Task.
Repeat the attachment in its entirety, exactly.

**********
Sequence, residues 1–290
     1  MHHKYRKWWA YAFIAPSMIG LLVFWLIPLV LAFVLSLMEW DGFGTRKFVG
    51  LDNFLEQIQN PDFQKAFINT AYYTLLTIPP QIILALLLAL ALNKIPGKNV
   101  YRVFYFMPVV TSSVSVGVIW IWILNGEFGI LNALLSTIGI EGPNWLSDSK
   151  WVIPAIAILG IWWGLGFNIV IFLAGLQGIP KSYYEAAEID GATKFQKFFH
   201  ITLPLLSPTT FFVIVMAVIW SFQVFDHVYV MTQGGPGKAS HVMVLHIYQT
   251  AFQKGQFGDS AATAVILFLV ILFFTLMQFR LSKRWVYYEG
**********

Sequence, residues 1–290
     1  MHHKYRKWWA YAFIAPSMIG LLVFWLIPLV LAFVLSLMEW DGFGTRKFVG
    51  LDNFLEQIQN PDFQKAFINT AYYTLLTIPP QIILALLLAL ALNKIPGKNV
   101  YRVFYFMPVV TSSVSVGVIW IWILNGEFGI LNALLSTIGI EGPNWLSDSK
   151  WVIPAIAILG IWWGLGFNIV IFLAGLQGIP KSYYEAAEID GATKFQKFFH
   201  ITLPLLSPTT FFVIVMAVIW SFQVFDHVYV MTQGGPGKAS HVMVLHIYQT
   251  AFQKGQFGDS AATAVILFLV ILFFTLMQFR LSKRWVYYEG